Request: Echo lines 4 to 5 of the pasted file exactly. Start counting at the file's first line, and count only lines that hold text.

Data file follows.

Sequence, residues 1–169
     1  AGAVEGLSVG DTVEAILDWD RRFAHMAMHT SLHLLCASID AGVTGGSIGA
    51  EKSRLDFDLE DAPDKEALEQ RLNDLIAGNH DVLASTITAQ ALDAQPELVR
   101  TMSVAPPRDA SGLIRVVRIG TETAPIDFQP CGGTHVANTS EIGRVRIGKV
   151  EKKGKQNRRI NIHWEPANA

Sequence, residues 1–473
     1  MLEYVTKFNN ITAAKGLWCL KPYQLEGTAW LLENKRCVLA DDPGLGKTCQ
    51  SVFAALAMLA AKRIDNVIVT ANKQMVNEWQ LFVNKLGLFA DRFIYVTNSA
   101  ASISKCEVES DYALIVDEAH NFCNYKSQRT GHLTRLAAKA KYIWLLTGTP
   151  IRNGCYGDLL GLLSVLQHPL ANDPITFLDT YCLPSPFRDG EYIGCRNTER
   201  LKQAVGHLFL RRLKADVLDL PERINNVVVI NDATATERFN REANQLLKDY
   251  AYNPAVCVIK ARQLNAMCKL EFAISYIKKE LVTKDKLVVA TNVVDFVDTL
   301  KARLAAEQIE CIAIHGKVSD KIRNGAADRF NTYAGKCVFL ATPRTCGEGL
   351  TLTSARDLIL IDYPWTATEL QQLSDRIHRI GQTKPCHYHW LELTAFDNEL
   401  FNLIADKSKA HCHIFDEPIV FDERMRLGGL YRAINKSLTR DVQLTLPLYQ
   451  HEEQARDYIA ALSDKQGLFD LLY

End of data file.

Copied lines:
   101  TMSVAPPRDA SGLIRVVRIG TETAPIDFQP CGGTHVANTS EIGRVRIGKV
   151  EKKGKQNRRI NIHWEPANA